June 6, 2013
It’s been a rainy day here in Duncannon. Just like any other zero day, we did all of the usual things. We ate breakfast at Goodie’s across the street from the Doyle, did our laundry at Sunny Daze, and picked up some packages at the post office from my mom and 2009 thru-hiker, Lunatic. Some amazing food choices included by both of you that will get us through until our next resupply in a few days. Thank you, Lunatic and mom!
We were both pretty tired after our long day yesterday, and really a long last few days. I fell asleep again after breakfast, but made myself get up and get everything done today so that I could go to bed at a decent hour tonight. There are a ton of people that we know in town and we’re all hanging out at the bar as it rains outside. This is our first rainy zero day, which we’re okay with. One less day we have to hike in the rain. It’s supposed to rain all day tomorrow, so we’ll get our fair share. We haven’t had any rain in awhile, so we’ll deal with it.
We just planned out our last week in Pennsylvania and I’m really excited for my birthday coming up since my parents are coming down to visit us for a few days in New Jersey. They mentioned coming down to meet us for my birthday back in April, and I’ve been looking forward to their visit ever since. I know that we shouldn’t rush our hike at all, and we’re really not, but it’s kind of been a goal of mine to get through Pennsylvania before my birthday on the 16th. It’s all about the small goals. And not long after my parents’ visit, we’re going to stay with friends in New York who live close to the trail! We have a very exciting next couple weeks ahead of us. Heck, who am I kidding, the next couple months will be exciting!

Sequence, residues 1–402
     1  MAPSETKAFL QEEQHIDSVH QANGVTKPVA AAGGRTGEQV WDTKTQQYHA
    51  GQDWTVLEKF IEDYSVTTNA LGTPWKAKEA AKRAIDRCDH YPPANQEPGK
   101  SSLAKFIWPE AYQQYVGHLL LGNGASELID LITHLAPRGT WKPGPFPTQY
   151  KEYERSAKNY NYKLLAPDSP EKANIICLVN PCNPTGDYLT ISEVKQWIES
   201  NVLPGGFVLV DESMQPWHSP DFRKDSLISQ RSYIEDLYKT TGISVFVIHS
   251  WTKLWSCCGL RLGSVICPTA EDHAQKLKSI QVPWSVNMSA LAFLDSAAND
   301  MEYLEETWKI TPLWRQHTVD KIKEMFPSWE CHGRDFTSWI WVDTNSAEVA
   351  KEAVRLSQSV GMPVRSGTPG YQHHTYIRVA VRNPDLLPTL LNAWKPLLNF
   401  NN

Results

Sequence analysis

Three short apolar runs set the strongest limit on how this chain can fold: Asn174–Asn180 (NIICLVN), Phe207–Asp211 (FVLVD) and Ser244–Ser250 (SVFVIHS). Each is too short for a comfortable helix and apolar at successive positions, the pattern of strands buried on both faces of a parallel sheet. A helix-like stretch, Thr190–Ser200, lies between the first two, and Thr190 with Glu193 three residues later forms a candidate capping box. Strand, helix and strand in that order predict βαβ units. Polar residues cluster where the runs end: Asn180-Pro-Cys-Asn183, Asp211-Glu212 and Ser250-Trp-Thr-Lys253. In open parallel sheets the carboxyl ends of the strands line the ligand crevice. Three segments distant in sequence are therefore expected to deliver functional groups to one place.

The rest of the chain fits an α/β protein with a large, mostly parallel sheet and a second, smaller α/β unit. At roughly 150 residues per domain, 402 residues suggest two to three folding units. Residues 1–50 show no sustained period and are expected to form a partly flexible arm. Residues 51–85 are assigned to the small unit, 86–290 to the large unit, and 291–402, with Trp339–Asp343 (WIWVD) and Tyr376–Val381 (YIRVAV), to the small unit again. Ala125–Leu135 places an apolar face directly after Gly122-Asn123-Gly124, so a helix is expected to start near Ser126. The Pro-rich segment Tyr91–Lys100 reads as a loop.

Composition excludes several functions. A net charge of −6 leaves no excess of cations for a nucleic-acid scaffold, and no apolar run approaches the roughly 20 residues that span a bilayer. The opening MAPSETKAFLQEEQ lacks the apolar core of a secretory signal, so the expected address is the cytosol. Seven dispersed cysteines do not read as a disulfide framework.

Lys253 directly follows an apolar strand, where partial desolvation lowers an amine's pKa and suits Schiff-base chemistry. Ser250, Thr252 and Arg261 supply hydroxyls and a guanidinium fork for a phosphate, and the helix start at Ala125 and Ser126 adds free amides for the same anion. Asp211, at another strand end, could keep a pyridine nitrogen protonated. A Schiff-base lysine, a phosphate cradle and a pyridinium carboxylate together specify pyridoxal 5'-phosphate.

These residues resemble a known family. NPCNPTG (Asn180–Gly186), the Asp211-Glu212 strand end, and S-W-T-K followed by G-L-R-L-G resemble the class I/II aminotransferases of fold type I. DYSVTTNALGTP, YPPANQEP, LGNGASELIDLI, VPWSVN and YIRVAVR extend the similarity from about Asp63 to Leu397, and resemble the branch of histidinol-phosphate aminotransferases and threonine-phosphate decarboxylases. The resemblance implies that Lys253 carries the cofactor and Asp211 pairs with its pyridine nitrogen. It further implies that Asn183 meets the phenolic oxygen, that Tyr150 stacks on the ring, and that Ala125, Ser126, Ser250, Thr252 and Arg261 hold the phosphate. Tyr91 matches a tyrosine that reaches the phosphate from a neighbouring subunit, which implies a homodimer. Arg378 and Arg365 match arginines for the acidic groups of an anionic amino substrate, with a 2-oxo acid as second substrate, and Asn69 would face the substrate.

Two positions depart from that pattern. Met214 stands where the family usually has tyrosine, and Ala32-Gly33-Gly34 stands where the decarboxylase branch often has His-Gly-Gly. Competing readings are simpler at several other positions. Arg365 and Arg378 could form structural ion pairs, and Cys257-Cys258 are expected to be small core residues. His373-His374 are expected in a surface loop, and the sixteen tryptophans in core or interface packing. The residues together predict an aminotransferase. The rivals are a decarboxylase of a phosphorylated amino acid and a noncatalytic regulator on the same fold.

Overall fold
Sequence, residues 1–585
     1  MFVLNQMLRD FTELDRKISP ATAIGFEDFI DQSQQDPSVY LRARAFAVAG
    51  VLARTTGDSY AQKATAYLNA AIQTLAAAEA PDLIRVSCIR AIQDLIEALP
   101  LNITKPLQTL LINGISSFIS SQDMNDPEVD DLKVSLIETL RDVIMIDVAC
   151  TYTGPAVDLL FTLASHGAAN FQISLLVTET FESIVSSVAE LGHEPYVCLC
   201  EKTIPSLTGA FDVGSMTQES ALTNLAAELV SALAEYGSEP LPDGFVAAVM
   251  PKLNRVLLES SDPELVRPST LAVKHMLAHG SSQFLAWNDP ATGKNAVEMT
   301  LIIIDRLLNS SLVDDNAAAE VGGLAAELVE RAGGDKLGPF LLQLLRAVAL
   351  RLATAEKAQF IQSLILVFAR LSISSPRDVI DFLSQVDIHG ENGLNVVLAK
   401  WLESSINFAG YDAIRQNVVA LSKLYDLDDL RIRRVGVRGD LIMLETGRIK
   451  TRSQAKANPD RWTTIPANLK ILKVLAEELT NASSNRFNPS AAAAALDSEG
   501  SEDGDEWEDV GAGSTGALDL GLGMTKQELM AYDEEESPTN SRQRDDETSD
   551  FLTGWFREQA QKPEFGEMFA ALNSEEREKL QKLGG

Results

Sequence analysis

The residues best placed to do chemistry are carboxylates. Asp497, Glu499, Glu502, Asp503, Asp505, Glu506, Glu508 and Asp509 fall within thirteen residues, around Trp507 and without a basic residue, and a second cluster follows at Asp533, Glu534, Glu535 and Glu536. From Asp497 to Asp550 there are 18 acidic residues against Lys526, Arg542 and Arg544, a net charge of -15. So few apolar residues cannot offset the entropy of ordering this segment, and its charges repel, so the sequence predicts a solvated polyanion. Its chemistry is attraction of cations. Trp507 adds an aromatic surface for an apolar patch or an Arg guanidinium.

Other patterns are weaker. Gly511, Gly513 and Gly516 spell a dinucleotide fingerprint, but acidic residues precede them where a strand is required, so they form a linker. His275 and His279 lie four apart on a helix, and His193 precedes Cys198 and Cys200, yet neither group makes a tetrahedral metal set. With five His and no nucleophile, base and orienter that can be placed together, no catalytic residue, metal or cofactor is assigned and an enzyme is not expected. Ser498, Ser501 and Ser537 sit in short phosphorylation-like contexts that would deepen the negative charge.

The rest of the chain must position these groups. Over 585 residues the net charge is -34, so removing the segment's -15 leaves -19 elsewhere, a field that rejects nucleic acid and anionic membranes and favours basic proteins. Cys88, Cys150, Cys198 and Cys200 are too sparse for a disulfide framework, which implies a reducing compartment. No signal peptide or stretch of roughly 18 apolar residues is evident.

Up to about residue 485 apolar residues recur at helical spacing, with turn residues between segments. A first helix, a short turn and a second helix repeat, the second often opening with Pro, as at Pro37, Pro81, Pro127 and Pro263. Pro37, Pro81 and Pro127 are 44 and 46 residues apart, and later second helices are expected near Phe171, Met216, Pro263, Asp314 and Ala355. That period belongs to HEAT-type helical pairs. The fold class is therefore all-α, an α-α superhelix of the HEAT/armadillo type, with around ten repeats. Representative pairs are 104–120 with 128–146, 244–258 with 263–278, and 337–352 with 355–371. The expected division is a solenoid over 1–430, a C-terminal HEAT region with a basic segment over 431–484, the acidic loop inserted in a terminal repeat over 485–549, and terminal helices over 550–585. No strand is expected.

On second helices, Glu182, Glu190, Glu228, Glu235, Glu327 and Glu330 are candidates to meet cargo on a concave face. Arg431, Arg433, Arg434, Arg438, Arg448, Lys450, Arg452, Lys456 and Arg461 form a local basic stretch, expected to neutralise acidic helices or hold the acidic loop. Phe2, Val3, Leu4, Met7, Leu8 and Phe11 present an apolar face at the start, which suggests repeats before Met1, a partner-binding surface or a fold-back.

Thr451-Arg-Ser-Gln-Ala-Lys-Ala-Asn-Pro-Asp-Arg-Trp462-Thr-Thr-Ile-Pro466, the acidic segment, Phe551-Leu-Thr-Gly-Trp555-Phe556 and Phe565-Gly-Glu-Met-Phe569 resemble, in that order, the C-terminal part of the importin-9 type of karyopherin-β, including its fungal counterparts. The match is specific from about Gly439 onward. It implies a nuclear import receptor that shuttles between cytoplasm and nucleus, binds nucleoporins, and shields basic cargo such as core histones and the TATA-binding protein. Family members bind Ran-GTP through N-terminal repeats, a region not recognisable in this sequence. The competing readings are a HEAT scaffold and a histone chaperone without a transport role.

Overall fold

Duncannon is a very small town along the Susquehanna River, and after doing some research today, I found out that it used to be one of the top manufacturers of sleds back in the 1920s and 1930s. Standard Novelty Works produced its Lightning Guider sleds in Duncannon, as many as 1,800 per day during its peak. You know, the wooden sleds that you could steer at the front? I had a feeling that this was a once booming town, so I thought I’d find out what their driving industry used to be. The factory was closed down in 1990, and now the AT hiker community helps out the economy. Miles also found out at the bar last night that the Doyle was one of several hotels built by Budweiser to none other than sell its beer. Even in a small town like Duncannon, there’s a lot of history to be found.
We’re back on the trail tomorrow and everyday heading closer and closer to home! Recently, I’ve started thinking more about reaching the Maine border than Katahdin. We’ll still have 281 miles left by then, but once i cross that border, I’ll feel like I’m home.